LECTURE 39

Complementary Strain Energy :

Consider the stress strain diagram as shown Fig 39.1. The area enclosed by the inclined line and the vertical axis is called the complementary strain energy. For a linearly elastic materials the complementary strain energy and elastic strain energy are the same.

Fig 39.1

Let us consider elastic non linear primatic bar subjected to an axial load. The resulting stress strain plot is as shown.

Fig 39. 2

The new term complementary work is defined as follows

So In geometric sense the work W* is the complement of the work W' because it completes rectangle as shown in the above figure

Complementary Energy

Likewise the complementary energy density u* is obtained by considering a volume element subjected to the stress s1 and Î1, in a manner analogous to that used in defining the strain energy density. Thus

The complementary energy density is equal to the area between the stress strain curve and the stress axis. The total complementary energy of the bar may be obtained from u* by integration

Sometimes the complementary energy is also called the stress energy. Complementary Energy is expressed in terms of the load and that the strain energy is expressed in terms of the displacement.

Castigliano's Theorem : Strain energy techniques are frequently used to analyze the deflection of beam and structures. Castigliano's theorem were developed by the Italian engineer Alberto castigliano in the year 1873, these theorems are applicable to any structure for which the force deformation relations are linear

Castigliano's Therom :

Consider a loaded beam as shown in figure

Let the two Loads P1 and P2 produce deflections Y1 and Y2 respectively strain energy in the beam is equal to the work done by the forces.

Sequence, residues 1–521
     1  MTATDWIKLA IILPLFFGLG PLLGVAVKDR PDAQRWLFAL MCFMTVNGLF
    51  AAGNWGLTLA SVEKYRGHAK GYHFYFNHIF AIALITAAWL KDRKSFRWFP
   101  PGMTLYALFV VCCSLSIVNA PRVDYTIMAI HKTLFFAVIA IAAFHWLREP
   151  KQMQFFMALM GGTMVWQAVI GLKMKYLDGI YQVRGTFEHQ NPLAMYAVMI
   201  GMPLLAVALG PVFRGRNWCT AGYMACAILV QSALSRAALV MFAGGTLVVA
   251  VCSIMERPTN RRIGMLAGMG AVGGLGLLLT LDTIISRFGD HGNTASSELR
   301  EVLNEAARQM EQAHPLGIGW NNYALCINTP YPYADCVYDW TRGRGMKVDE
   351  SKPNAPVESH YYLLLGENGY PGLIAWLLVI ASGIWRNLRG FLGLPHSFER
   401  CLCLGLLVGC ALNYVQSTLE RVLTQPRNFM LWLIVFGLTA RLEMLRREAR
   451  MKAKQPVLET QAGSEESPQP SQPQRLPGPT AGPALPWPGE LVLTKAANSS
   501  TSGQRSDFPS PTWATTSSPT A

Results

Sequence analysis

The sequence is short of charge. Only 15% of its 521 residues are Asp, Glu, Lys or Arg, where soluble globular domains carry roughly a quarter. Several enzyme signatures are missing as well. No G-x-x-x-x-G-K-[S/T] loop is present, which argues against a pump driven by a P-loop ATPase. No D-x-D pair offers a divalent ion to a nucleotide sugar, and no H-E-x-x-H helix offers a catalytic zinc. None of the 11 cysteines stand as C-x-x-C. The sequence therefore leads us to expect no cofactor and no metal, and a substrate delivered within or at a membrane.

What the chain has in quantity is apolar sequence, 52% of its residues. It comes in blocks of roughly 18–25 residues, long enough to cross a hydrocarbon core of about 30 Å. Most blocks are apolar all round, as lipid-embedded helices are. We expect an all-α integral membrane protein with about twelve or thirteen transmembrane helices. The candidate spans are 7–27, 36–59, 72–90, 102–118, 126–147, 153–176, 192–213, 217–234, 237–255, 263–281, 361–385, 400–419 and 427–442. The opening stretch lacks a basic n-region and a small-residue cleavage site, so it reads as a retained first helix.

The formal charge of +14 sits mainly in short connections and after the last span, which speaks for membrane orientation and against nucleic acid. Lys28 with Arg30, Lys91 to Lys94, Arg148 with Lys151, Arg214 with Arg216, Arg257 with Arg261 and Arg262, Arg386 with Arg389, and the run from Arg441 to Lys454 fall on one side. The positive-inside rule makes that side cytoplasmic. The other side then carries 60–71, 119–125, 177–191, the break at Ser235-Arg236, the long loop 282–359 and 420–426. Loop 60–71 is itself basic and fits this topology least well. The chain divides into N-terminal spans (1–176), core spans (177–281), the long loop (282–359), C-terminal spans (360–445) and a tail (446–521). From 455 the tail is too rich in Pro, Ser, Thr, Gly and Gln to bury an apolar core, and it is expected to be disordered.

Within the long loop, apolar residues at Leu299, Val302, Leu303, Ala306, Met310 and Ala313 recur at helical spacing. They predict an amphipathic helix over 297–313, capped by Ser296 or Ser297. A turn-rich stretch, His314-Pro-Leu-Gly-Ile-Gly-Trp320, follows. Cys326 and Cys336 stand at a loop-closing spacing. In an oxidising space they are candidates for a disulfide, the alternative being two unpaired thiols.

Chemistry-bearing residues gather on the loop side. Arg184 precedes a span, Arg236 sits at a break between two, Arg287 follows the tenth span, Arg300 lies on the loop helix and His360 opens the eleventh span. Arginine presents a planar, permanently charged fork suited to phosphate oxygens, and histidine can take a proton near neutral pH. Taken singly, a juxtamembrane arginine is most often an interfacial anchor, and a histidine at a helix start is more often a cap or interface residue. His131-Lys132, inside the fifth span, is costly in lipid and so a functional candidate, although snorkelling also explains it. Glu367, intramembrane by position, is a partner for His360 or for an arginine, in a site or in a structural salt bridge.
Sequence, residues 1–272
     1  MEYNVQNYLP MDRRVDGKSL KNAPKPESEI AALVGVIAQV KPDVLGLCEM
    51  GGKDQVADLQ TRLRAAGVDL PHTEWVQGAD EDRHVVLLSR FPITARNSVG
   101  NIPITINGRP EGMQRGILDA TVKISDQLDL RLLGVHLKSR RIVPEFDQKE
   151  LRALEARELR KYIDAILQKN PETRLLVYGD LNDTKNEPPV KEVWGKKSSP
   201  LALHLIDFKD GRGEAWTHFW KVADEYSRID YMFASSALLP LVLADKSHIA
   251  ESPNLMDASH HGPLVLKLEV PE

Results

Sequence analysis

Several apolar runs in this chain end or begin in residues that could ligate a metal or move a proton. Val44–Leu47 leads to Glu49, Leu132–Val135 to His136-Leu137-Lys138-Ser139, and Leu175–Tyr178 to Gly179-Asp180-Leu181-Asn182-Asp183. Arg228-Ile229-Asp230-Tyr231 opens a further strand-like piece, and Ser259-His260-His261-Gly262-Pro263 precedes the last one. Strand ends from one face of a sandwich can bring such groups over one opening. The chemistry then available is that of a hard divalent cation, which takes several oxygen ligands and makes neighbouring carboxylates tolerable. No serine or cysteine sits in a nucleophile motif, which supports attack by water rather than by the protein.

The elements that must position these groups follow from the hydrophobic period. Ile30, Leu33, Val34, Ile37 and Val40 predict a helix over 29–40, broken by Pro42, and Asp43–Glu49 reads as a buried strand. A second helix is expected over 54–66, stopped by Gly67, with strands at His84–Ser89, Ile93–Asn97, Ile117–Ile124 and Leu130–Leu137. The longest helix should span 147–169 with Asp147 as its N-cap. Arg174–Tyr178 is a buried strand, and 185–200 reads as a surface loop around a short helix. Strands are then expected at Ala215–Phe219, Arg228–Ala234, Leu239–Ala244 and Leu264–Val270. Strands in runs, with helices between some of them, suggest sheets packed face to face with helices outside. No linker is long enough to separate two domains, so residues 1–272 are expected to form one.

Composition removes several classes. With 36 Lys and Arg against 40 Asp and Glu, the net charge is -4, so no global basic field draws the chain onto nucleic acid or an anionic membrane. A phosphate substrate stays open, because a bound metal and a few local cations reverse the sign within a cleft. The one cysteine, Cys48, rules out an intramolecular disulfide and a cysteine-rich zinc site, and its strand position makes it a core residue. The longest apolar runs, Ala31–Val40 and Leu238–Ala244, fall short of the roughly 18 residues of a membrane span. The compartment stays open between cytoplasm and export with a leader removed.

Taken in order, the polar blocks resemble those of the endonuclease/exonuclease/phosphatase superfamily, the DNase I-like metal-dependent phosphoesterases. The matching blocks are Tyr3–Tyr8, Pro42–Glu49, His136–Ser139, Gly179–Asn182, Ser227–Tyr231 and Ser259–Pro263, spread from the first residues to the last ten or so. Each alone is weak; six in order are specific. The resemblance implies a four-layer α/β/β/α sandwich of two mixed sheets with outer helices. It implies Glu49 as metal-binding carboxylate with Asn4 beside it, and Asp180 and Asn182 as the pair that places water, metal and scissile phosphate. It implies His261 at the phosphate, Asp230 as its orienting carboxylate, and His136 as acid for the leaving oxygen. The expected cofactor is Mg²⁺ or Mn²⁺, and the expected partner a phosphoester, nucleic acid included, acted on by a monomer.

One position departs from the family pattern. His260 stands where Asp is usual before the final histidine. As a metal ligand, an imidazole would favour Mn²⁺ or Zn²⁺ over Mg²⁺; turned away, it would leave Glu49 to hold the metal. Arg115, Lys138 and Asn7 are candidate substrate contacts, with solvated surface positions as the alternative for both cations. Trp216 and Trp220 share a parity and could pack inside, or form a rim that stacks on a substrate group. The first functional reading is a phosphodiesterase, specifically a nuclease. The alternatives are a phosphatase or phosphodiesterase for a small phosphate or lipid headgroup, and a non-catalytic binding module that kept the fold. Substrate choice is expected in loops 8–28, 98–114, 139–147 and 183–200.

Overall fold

Let the Load P1 be increased by an amount DP1.

Let DP1 and DP2 be the corresponding changes in deflection due to change in load to DP1.

Now the increase in strain energy

Suppose the increment in load is applied first followed by P1 and P2 then the resulting strain energy is

Since the resultant strain energy is independent of order loading,

Combing equation 1, 2 and 3. One can obtain

or upon taking the limit as DP1 approaches zero [ Partial derivative are used because the starin energy is a function of both P1 and P2 ]

For a general case there may be number of loads, therefore, the equation (6) can be written as

The above equation is castigation's theorem:

The statement of this theorem can be put forth as follows; if the strain energy of a linearly elastic structure is expressed in terms of the system of external loads. The partial derivative of strain energy with respect to a concentrated external load is the deflection of the structure at the point of application and in the direction of that load.

In a similar fashion, castigliano's theorem can also be valid for applied moments and resulting rotations of the structure

Where

Mi = applied moment

qi = resulting rotation

Castigliano's First Theorem :

In similar fashion as discussed in previous section suppose the displacement of the structure are changed by a small amount ddi. While all other displacements are held constant the increase in strain energy can be expressed as

Where

U / di ® is the rate of change of the starin energy w.r.t di.

It may be seen that, when the displacement di is increased by the small amount dd ; workdone by the corresponding force only since other displacements are not changed.

The work which is equal to Piddi is equal to increase in strain energy stored in the structure

By rearranging the above expression, the Castigliano's first theorem becomes

The above relation states that the partial derivative of strain energy w.r.t. any displacement di is equal to the corresponding force Pi provided that the strain is expressed as a function of the displacements.

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